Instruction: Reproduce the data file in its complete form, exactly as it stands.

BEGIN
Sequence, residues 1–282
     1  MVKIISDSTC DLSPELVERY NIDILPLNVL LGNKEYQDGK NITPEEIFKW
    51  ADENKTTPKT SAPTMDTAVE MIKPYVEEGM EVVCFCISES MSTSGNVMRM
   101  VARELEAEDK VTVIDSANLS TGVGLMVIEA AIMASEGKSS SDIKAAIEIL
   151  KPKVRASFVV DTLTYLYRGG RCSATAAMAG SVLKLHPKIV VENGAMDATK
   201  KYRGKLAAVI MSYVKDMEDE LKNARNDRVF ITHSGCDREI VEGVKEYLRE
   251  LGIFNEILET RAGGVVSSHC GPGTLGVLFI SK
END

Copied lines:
Sequence, residues 1–282
     1  MVKIISDSTC DLSPELVERY NIDILPLNVL LGNKEYQDGK NITPEEIFKW
    51  ADENKTTPKT SAPTMDTAVE MIKPYVEEGM EVVCFCISES MSTSGNVMRM
   101  VARELEAEDK VTVIDSANLS TGVGLMVIEA AIMASEGKSS SDIKAAIEIL
   151  KPKVRASFVV DTLTYLYRGG RCSATAAMAG SVLKLHPKIV VENGAMDATK
   201  KYRGKLAAVI MSYVKDMEDE LKNARNDRVF ITHSGCDREI VEGVKEYLRE
   251  LGIFNEILET RAGGVVSSHC GPGTLGVLFI SK